Kanchenjunga Region Trek

Kanchenjunga Conservation Area is a protected area in the Himalayas of eastern Nepal that was established in 1997. It covers 2,035 km2 (786 sq mi) in the Taplejung District and comprises two peaks of Kanchenjunga. In the north it adjoins the Qomolangma National Nature Preserve in Tibet, and in the east the Khangchendzonga National Park in Sikkim. To the west it borders the Sankhuwasabha District. It ranges in altitude from 1,200 to 8,586 m (3,937 to 28,169 ft). It is part of the Sacred Himalayan Landscape, which is being developed by WWF Nepal in partnership with the International Centre for Integrated Mountain Development.

Kangchenjunga, also spelled Kanchenjunga, is the third highest mountain in the world. It rises with an elevation of 8,586 m (28,169 ft) in a section of the Himalayas called Kangchenjunga Himal delimited in the west by the Tamur River, in the north by the Lhonak Chu and Jongsang La, and in the east by the Teesta River. It lies between Nepal and Sikkim, India, with three of the five peaks (Main, Central, and South) directly on the border, and the remaining two (West and Kangbachen) in Nepal's Taplejung District.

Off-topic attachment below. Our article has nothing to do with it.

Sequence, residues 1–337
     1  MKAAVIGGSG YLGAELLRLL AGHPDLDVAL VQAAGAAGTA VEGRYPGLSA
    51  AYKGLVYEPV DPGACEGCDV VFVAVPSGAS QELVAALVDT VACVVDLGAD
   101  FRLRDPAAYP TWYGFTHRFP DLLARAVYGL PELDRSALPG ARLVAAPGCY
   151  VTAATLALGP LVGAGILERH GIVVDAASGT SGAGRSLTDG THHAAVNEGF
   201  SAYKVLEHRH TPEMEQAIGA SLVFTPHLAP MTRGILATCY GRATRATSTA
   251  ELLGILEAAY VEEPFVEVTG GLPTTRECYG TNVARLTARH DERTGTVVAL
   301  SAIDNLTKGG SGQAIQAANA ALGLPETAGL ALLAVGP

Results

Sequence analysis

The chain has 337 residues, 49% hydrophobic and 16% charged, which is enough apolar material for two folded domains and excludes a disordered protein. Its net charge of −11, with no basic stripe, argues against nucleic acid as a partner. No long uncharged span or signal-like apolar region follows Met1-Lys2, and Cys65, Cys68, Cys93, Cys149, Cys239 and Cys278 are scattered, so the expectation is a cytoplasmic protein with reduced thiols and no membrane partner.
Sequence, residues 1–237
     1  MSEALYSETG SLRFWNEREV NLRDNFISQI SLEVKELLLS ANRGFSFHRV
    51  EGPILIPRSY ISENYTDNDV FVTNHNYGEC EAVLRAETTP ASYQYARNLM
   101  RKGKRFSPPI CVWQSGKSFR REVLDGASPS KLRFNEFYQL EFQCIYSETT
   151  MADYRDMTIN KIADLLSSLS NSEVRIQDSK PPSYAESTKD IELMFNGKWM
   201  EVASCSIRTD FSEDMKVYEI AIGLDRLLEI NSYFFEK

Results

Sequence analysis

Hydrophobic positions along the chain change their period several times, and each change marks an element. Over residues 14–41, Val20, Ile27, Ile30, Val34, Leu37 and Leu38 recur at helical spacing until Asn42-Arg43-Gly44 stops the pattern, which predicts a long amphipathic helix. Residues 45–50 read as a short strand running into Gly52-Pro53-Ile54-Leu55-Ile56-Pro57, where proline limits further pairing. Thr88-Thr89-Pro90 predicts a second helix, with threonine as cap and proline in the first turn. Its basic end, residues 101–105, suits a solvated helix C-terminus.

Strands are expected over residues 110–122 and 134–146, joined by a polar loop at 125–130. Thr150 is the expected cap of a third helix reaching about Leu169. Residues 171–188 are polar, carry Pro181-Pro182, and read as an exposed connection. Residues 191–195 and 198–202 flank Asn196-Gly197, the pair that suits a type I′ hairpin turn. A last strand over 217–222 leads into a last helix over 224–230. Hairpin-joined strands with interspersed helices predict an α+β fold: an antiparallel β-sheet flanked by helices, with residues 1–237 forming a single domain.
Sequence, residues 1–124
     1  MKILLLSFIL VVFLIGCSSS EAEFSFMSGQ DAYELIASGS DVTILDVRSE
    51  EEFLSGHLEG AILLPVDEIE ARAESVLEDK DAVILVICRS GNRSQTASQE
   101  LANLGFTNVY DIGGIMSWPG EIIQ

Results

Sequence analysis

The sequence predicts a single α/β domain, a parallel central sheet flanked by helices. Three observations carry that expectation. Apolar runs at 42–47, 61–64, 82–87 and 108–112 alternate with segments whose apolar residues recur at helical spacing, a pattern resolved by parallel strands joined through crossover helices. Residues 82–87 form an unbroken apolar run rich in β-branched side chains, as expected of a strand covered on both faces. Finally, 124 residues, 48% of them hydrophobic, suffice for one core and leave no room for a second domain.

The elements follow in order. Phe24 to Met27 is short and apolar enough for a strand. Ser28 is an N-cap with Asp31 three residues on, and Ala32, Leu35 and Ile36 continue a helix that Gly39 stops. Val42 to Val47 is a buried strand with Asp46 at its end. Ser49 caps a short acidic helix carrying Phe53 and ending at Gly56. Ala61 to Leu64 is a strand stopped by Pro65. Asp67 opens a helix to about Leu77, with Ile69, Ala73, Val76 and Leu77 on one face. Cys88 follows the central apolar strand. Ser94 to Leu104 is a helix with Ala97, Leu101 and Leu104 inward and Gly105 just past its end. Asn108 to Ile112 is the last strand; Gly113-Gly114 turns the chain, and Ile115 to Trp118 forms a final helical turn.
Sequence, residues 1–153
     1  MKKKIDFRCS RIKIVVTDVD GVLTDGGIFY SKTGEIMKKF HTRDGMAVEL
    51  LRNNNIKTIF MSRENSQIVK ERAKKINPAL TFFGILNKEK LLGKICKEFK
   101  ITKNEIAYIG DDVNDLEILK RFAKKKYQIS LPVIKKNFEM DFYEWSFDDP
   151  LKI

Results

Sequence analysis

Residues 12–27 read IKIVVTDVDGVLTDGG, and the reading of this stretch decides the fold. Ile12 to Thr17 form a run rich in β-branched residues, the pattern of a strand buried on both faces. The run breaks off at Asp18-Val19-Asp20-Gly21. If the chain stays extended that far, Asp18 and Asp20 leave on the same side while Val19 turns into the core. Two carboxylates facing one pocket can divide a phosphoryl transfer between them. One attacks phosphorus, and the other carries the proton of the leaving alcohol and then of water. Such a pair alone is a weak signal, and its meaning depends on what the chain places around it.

Until 1852, Kangchenjunga was assumed to be the highest mountain in the world, but calculations based on various readings and measurements made by the Great Trigonometrical Survey of India in 1849 came to the conclusion that Mount Everest, known as Peak XV at the time, was the highest. Allowing for further verification of all calculations, it was officially announced in 1856 that Kangchenjunga is the third highest mountain in the world.

Kangchenjunga was first climbed on 25 May 1955 by Joe Brown and George Band, who were part of a British expedition. They stopped short of the summit in accordance with the promise given to the Chogyal that the top of the mountain would remain intact. Every climber or climbing group that has reached the summit has followed this tradition.

 

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